New culture minister Ed Vaizey has moved to allay fears that the arts are set to face £66 million of cuts this financial year, insisting the figure is “way off the mark”.
He explained that while the DCMS is looking to make savings of £66 million from its entire budget for 2010/11 – as part of the £6 billion savings being proposed across government by Chancellor of the Exchequer George Osborne – this figure is across the entire department and the figure for the arts will be significantly lower. Vaizey added he is also confident these savings will be made from administrative budgets and not from frontline arts services.
Speaking to The Stage, he said: “I think it’s important to stress for the arts audience that [the savings] would be across the department. People seem to be using this loose language that the arts will be cut by £66 million and it’s way off the mark.
“You’re looking at a lower figure than that. If you’re talking about cutting £66 million from the arts, then it would be hard to argue with a straight face that you weren’t going to affect frontline services, but because the money is going to be substantially lower, I think we are confident that we can find the savings within administrative budgets. But I think it’s important that Jeremy [Hunt, culture secretary] is also literally walking the walk in the sense that he cancelled ministerial cars as his first act as Secretary of State – he was one of only two cabinet ministers who walked to Buckingham Palace – and we’ve all taken a 5% pay cut. We meant it when we said the pain would start at home and there would be savings in this department, because what Jeremy strongly believes is that it’s the practitioners who deserve the funding and they are the ones we are going to do our best to protect.”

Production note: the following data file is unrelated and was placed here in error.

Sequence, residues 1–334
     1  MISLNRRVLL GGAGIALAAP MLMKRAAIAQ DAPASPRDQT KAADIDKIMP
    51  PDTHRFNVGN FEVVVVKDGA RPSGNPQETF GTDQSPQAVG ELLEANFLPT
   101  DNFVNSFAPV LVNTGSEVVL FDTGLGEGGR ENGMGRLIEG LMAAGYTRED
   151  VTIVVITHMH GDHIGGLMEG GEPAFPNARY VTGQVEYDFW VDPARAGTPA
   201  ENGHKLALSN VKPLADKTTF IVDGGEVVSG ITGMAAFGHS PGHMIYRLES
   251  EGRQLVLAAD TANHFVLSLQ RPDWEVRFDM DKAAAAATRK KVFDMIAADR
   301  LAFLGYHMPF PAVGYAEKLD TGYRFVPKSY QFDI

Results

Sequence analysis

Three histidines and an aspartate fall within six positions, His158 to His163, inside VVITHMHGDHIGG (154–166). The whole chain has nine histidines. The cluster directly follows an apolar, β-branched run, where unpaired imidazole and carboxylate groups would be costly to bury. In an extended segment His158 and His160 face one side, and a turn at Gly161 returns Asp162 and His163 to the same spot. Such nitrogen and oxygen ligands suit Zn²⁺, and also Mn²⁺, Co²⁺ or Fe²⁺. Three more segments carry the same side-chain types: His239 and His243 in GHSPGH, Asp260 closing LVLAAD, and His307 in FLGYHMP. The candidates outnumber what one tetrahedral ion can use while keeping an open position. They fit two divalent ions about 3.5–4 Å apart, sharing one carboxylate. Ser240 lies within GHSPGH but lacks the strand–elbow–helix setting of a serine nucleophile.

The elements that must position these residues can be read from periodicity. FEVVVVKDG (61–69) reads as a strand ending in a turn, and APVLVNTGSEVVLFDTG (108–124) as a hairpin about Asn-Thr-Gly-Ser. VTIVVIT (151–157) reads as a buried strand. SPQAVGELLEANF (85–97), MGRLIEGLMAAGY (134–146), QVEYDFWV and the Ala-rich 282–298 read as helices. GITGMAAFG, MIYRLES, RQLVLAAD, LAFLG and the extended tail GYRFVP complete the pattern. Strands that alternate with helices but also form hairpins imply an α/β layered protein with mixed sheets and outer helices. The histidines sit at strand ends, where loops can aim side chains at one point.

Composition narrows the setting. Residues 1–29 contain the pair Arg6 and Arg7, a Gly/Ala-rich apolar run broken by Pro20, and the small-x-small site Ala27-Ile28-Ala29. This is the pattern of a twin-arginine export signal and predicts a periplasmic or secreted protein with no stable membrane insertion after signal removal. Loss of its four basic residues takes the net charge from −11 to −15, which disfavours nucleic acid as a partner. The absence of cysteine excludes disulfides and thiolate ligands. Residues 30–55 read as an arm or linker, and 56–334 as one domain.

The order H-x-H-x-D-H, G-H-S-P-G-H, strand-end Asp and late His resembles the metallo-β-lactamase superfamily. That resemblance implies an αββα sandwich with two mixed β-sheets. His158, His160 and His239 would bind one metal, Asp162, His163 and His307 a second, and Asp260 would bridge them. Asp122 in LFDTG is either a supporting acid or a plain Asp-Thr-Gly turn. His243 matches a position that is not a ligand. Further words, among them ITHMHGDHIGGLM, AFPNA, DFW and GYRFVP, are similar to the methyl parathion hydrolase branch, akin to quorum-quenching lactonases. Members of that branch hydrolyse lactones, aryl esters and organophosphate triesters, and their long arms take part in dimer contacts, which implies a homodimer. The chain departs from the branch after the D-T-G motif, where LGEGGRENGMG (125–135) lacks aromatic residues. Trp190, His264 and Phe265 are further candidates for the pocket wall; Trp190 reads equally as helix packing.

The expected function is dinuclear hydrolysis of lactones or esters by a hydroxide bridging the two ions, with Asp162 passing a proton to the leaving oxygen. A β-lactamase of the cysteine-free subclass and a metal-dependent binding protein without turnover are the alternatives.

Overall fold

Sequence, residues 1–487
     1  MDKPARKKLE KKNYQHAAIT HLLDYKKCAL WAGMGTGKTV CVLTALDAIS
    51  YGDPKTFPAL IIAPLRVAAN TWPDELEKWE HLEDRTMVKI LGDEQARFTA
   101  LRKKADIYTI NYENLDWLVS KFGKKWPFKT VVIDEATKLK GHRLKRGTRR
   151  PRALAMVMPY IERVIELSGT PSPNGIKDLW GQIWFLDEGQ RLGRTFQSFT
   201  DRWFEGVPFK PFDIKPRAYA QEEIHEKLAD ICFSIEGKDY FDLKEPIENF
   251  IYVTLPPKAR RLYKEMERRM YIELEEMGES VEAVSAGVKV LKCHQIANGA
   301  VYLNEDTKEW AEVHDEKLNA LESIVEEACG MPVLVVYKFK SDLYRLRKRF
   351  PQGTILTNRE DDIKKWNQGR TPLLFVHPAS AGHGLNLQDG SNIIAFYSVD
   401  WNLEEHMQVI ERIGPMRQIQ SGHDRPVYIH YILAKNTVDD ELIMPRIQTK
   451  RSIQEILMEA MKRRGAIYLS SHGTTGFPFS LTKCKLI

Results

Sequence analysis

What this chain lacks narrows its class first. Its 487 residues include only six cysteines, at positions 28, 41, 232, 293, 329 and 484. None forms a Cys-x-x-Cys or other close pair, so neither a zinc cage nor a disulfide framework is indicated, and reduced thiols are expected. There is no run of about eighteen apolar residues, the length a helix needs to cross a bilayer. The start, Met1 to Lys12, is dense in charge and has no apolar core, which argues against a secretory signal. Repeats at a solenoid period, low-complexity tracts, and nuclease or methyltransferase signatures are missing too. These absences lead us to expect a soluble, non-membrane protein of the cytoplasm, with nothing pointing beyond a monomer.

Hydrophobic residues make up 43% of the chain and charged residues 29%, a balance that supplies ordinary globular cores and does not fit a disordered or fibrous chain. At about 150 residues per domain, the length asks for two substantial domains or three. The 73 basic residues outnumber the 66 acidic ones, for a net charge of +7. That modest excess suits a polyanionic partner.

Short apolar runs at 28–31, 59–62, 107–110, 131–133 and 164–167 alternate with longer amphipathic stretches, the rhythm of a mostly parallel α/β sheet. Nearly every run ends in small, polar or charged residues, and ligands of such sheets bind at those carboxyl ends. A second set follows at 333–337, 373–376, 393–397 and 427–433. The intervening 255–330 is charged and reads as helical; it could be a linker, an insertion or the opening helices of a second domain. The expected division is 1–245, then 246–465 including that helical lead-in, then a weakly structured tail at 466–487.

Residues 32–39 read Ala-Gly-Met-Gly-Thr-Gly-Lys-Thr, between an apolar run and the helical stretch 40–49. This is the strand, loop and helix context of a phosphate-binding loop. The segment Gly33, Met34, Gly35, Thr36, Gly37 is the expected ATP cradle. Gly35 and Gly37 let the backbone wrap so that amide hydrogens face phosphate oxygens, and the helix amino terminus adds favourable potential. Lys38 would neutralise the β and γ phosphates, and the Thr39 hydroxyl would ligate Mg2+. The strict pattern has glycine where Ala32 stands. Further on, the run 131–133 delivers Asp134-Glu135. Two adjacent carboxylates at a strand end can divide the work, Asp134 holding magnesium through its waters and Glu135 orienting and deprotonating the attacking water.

Hunt will this week lay out his plans for the sector in his first speech as Secretary of State, delivered at the Roundhouse in north London and on the subject of the arts. In it, he is expected to lay out how the new team in the Department for Culture, Media and Sport plans to make changes to the Lottery, so more money can be directed to the arts sector.
Funding levels for the DCMS beyond 2010/11 have not yet been confirmed and will be decided this autumn as part of the comprehensive spending review. It is understood the £66 million of savings which the DCMS will have to make this year will be in addition to the £60 million of savings over the next three years – until 2012/13 – that were already announced by former chancellor Alistair Darling. This means the DCMS is currently looking to make total savings of £126 million over the next three years.
Vaizey stressed he and Hunt would be looking to get an early funding settlement from the Treasury later this year and reiterated the Tories’ promise the arts would not be “singled out” in any cuts.
He added: “I think it’s a significant point – particularly for those in the arts – that Jeremy has chosen to make his first speech on the arts, that he is reiterating his commitment to get an early settlement for the arts in terms of the autumn spending round and what Jeremy has always said, which I think most people accept, is that while the arts won’t be ring-fenced, they won’t be singled out. I think that’s an important message to get across.”
The new DCMS team sees an almost straight switch-over from the Conservative shadow DCMS team, with Hunt as culture secretary, Vaizey as arts minister, John Penrose as tourism minister and Hugh Robertson as minister for sport and the Olympics. There have been no Liberal Democrat appointments to the department, although Vaizey said the team would “work with our colleagues in government to implement as much of their arts manifesto as possible”. Specifically this could include Lib Dem proposals to change the way the Lottery is taxed from a ticket tax to a gross profits tax, which it is claimed will help generate more cash for good causes such as the arts.